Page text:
Ask "Did you know this?" The way the clients respond can yield key clues about _ possible false-self dominance and _ the co-parents' priorities and degrees of awareness and empathy. Couples' receptivity to the rest of this intervention will vary with these factors. If receptivity seems low, aim for seeding, vs. discussion and action. 

_ Assessing/seeding: choose among these options, depending on the clinician's style and the client-family's attributes and receptivity:

  • Note that some adults or kids who are seen as "depressed" or addicted may really be stuck in some phase of grieving major losses;

  • Summarize the symptoms of blocked grief (option: one-page handout), and ask "If some adults or kids in your stepfamily are stuck in mourning their losses, who would it be? How is that blockage affecting the rest of the family?"

  • Ask "How would you each describe your birth-family's policy (shoulds, oughts and musts) about grieving? What is your personal policy about mourning your losses?" Options:
    • Use this grief values-clarification worksheet to help co-parents answer;

    • Explain the concept of inner and outer permissions to grieve, relate that to their family grief policies, and ask if co-parents' inner and physical families give or withhold such permissions.

  • Ask "What have your kids learned about how to react to important life-losses from the behaviors of their main male and female role models?"

  • Ask "What or who might hinder you from doing Lesson 3 (assessing your nuclear- stepfamily members for blocked grief) before you decide whether to re/marry?"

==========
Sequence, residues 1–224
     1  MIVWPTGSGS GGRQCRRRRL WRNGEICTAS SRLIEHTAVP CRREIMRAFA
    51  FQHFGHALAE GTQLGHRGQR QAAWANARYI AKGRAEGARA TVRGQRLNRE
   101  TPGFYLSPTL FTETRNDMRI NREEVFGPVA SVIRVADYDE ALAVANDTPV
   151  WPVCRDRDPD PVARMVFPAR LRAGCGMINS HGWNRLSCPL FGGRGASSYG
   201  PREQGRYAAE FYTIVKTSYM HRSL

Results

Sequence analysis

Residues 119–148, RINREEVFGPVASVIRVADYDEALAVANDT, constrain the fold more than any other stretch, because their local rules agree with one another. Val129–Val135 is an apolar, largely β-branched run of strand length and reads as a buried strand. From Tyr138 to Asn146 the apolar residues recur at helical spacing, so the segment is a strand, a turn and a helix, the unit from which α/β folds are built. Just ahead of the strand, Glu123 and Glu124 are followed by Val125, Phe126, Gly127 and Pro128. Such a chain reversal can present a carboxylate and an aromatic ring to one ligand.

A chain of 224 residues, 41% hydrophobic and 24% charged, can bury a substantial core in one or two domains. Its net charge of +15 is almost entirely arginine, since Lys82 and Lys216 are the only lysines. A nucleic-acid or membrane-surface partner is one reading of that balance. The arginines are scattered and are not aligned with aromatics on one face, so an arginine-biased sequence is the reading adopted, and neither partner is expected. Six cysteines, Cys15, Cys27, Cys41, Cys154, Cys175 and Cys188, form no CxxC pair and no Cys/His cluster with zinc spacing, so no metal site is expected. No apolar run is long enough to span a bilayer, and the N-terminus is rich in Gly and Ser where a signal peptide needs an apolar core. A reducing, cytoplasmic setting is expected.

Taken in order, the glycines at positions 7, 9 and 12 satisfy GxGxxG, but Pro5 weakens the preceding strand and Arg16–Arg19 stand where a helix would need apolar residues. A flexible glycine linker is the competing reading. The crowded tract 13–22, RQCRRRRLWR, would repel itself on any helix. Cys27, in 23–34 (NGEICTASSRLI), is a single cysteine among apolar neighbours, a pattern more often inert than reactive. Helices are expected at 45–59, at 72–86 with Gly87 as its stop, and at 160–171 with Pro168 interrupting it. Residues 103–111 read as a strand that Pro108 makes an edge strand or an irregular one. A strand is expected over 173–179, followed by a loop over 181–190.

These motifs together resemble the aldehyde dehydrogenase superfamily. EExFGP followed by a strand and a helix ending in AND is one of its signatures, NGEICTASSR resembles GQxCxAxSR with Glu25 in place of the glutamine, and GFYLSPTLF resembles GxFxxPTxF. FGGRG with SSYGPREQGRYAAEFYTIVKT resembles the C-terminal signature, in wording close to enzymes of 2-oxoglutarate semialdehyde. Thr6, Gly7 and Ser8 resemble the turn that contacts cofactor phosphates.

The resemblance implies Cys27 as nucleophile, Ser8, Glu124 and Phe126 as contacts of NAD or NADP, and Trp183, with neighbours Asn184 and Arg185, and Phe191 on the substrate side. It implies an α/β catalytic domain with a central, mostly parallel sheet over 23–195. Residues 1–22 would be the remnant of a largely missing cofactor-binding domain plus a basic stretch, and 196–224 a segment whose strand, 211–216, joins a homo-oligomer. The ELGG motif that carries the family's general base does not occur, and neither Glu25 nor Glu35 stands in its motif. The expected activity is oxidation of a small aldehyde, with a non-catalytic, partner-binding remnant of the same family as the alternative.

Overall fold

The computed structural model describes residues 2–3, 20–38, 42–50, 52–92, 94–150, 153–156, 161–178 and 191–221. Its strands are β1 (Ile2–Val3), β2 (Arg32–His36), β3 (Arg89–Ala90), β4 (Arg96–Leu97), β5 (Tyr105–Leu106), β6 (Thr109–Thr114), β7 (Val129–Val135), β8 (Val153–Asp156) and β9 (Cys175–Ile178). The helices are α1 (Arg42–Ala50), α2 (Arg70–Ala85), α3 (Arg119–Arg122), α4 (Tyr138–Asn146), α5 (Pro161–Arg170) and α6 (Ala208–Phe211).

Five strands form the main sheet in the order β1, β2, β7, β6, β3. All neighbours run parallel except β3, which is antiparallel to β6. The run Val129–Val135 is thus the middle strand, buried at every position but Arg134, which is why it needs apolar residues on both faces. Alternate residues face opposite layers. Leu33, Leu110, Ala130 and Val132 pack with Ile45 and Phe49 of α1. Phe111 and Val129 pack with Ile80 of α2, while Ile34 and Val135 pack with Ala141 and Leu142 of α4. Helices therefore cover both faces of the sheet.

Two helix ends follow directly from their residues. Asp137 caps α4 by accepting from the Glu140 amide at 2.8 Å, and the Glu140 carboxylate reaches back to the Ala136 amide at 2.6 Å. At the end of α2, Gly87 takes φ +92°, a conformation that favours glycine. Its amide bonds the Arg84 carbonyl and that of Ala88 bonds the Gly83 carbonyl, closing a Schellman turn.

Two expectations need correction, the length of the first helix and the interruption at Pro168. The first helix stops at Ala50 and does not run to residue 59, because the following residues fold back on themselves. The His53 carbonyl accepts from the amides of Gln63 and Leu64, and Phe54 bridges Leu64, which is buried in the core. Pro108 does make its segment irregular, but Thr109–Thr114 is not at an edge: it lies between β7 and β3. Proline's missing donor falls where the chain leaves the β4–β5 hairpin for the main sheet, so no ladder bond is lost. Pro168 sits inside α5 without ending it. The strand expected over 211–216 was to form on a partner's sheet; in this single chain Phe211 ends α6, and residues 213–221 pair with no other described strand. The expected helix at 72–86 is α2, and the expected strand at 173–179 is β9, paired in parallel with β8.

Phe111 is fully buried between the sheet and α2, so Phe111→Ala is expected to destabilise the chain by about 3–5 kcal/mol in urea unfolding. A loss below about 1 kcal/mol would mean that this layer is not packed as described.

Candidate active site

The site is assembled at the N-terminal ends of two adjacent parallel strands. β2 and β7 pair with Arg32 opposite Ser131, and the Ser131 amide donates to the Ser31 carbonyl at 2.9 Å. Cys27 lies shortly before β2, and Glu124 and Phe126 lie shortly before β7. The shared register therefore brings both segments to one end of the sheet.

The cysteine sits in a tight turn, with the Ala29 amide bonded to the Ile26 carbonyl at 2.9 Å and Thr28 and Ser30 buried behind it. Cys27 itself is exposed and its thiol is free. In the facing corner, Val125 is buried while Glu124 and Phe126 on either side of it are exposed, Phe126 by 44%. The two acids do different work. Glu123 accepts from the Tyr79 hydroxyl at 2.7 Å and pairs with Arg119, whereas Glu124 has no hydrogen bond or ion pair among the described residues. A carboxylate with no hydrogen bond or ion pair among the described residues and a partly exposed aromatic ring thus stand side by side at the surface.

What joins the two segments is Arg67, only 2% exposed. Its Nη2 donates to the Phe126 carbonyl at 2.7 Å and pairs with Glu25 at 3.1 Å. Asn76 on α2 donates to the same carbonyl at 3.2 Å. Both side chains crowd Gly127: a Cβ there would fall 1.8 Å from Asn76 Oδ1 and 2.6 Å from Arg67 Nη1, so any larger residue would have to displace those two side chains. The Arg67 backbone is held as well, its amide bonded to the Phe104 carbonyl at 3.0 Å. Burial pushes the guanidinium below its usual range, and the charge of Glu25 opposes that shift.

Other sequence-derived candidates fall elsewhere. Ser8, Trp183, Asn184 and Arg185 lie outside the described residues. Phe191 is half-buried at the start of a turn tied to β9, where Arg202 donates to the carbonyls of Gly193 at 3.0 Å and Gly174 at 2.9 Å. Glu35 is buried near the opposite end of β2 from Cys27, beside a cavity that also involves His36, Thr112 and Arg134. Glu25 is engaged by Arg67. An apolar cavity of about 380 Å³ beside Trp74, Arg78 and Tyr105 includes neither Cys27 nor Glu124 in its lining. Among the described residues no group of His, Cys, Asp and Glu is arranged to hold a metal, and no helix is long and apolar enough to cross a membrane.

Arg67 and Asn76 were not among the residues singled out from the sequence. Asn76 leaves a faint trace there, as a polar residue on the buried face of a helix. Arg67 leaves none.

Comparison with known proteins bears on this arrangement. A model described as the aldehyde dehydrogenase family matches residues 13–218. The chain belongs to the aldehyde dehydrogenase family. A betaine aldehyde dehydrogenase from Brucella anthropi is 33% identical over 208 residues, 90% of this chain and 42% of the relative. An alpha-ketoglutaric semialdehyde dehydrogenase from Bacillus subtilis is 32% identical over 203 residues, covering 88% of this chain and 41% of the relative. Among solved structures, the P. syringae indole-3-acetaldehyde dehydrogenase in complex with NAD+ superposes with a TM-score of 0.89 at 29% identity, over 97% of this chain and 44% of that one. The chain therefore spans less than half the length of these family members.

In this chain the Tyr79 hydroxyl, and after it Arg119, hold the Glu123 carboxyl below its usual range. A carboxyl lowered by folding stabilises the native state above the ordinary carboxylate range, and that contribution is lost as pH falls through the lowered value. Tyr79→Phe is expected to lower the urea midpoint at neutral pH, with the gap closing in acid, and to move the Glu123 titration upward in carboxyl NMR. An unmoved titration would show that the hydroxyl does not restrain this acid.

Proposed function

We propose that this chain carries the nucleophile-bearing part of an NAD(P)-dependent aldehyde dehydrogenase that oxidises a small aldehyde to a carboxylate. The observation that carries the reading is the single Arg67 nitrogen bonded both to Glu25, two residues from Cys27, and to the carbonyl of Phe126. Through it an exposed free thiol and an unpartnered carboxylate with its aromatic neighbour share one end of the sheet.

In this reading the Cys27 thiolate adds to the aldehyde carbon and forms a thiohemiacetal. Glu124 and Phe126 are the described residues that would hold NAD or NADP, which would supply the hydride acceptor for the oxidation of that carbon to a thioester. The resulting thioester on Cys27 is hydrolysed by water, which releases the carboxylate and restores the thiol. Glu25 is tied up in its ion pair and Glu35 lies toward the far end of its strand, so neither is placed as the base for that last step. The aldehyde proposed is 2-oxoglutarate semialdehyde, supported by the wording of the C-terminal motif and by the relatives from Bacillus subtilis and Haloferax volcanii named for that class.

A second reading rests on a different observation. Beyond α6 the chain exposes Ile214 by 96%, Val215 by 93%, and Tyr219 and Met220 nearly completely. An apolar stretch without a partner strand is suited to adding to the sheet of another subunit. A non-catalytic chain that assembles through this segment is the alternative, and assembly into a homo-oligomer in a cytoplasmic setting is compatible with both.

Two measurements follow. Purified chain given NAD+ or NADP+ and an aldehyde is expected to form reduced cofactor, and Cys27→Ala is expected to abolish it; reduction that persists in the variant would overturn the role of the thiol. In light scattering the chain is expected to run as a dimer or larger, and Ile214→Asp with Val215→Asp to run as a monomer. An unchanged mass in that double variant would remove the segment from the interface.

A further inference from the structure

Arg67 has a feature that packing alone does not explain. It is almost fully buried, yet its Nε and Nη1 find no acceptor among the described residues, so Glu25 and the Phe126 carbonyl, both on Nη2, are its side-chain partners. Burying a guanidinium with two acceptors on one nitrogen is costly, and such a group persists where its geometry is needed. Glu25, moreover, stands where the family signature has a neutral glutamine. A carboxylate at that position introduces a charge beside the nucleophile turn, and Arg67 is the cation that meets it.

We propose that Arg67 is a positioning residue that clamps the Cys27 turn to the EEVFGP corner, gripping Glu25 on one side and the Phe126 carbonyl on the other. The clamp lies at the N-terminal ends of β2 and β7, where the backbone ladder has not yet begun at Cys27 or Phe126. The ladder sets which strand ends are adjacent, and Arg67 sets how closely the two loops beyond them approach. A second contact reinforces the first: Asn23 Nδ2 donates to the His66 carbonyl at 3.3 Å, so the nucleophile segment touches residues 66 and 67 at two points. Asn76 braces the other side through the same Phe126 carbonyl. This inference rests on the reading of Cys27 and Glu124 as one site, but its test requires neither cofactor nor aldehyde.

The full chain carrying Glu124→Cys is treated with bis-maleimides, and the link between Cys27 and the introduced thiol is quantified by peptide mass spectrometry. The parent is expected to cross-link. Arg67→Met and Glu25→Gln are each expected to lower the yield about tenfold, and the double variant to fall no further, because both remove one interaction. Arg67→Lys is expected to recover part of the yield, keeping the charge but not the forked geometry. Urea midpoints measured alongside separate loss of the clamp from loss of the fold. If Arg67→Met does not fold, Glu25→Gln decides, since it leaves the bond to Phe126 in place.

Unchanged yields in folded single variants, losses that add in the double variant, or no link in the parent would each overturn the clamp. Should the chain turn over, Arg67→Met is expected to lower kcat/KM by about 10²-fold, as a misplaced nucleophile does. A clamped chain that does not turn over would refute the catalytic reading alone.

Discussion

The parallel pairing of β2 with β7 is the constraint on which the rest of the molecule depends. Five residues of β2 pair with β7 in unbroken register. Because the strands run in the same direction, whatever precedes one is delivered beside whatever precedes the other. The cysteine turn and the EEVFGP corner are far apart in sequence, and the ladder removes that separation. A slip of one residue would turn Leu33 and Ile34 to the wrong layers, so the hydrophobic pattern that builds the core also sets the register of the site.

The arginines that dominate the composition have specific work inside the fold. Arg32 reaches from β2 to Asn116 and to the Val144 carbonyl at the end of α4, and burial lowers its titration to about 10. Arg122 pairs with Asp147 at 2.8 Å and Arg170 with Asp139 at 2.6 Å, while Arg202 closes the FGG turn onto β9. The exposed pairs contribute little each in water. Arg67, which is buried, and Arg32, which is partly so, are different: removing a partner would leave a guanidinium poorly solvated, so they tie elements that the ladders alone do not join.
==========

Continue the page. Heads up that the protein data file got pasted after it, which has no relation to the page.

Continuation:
• Depending on the situation, inform the co-parents of grieving resources like local Rainbows or similar programs, books, and local grief counselors. Note - typical co-parents aren't aware that some clinicians specialize in facilitating healthy mourning.

_ Summarize the Intervention

  • Recap that _ a common adjustment task for stepfamily members is to grieve many tangible and abstract losses to prepare for new relationship bonds, and _ blocked grief is a common major stressor in typical divorced and stepfamilies because of psychological wounds and not knowing about healthy three-level grief.
  • Note that if an ex mate is psychologically wounded and blocked in grieving their losses, it's very likely that will cause significant ongoing relationship problems in their nuclear stepfamily until the blocked person decides to free up their mourning. Other co-parents can make a pro-grief family environment, but can't make the blocked person resume mourning.
  • Ask if the couple has any questions about _ what Lesson 3 is, _ why it's vital to them and their kids, and _ how to do it.

  • Ask if the couple wants to meeting again to help them and their kids and other co-parents do Lesson 3 well, together.

  • Give the couple copies* of appropriate "Good Grief" articles or worksheets linked above.

  • Ask how the co-parents are doing with the custom-education process so far, and if they're ready for more. If so, continue with ...

  Courtship Intervention 9) - Raise co-parents' awareness of stepfamily uniquenesses and realities. Premise: most courting pairs of co-parents have little or no knowledge of how different and complex stepfamily relationships are. Therefore, they under-appreciate the high need for co-parent teamwork, for long term success.

Continue this overview of the four-part clinical model with more "custom-education" interventions for typical courting-stepfamily (type 2) clients. 

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Updated May 07, 2014